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Determine the Angular Velocity

  1. Dec 5, 2014 #1
    1. The problem statement, all variables and given/known data
    Please see attached document.

    2. Relevant equations
    How do I find the angular velocity because I got a value of of -99.1?

    3. The attempt at a solution
    I used the force equation for M1 and M2. So Fx for M1: Fx= T-um1g=m1a. Fx for M2: Fx= m2gsin(theta)-T-um2gcos(theta)=m2a. Since the 2 accelerations are the same, I used the 2 equations to solve for a and i got a value of 5.415m/s^2. Angular acceleration is equal to a/r so i did 5.415/0.20= 27.075. Since angular speed should be angular acceleration multiplied by time, I found time by using the xf=3=1/at^2, where I got t= 1.05s. When I multiply the values, I get 28.5. What am I doing wrong?I have my exam tomorrow so I would really appreciate it if someone can help me before thent! Screen Shot 2014-12-06 at 12.18.50 AM.png
     
  2. jcsd
  3. Dec 5, 2014 #2

    ehild

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    The tensions are not the same in the pieces of the string, as they must drive the rotation of the pulley.
     
  4. Dec 5, 2014 #3
    Conceptually your solution seems to be fine, I agree with everything you did. Check again, maybe it's an arithmetic mistake.
    EDIT: Oooh never mind, my bad. ehild is right, I think you need to consider that a difference in the two tensions will provoke a rotation in the pulley. Didn't read carefully enough, sorry!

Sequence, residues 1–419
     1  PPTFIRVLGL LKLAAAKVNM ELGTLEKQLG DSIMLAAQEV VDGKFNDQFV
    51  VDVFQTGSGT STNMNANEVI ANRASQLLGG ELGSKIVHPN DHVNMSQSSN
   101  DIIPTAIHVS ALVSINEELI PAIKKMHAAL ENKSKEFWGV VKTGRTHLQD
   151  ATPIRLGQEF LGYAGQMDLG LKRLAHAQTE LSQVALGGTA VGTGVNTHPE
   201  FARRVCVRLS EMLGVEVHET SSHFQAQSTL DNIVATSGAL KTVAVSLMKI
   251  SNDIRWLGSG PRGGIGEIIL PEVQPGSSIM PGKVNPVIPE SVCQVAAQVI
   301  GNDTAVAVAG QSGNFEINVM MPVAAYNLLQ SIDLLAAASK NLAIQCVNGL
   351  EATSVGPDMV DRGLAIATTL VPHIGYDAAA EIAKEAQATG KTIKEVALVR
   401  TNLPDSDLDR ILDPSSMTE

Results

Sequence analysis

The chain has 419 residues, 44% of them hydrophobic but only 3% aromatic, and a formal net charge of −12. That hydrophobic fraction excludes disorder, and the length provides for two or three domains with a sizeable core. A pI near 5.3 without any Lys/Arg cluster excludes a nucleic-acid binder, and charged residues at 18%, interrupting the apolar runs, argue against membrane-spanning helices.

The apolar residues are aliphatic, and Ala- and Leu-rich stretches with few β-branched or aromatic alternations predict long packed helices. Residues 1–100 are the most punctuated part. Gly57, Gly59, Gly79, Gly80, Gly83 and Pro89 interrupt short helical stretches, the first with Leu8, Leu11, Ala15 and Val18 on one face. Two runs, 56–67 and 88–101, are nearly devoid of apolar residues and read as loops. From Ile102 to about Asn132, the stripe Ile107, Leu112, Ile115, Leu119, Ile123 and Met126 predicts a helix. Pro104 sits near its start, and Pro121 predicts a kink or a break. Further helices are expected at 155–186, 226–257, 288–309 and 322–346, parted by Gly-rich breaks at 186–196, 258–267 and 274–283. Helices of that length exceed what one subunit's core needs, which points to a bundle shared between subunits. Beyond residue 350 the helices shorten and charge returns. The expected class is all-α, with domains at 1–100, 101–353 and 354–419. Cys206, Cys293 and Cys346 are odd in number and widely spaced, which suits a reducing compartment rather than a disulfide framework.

Last edited: Dec 6, 2014
  5. Dec 6, 2014 #4
    Hi,
    How do we know the tension is different
    How do we know that the tension is different have been used to the tension being the same when the rope is over a massless pulley? Can you or anyone else elaborate on this concept.?
     
  6. Dec 6, 2014 #5

    ehild

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    But the pulley is not massless now. It has moment of inertia I=0.41 kgm2. The rim of the pulley moves together with the string, it has the same linear acceleration and angular acceleration α=a/r. The equation between torque and angular acceleration is τ=Iα. One string turns the pulley in one direction, the other rotates it to the opposite direction. The net torque is difference of tension multiplied by the radius of the pulley. For nonzero torque, the tensions must be different.
     
  7. Dec 6, 2014 #6
    How are they different? They are the same rope and so tension is uniform throughout the rope. In the textbook, they did a similar example, but it wasn't on an incline.
     
  8. Dec 6, 2014 #7

    ehild

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    The rope interacts with the pulley. In the piece in contact with the pulley, the tension changes, as the pulley is accelerated, and it has mass and angular momentum.
     
  9. Dec 6, 2014 #8
    Hi ehild,

    Its very kind of you to help me! I understand this now that you have explained it. I also approached it another way in the meantime using torque and momentum as change in momentum is equal to net torque and got the acceleration as negative. The only way I was able to get the correct answer for the question was when I ignored the negative sign on acceleration. I will post my steps here, can you please tell me where I made a mistake?

    http://imgur.com/4sYgrBu
     
  10. Dec 6, 2014 #9

    ehild

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    Check the signs. The sign of angular momentum in line 1 is inconsistent with the sign of the torque in line 5. The net torque must increase the angular momentum.
     
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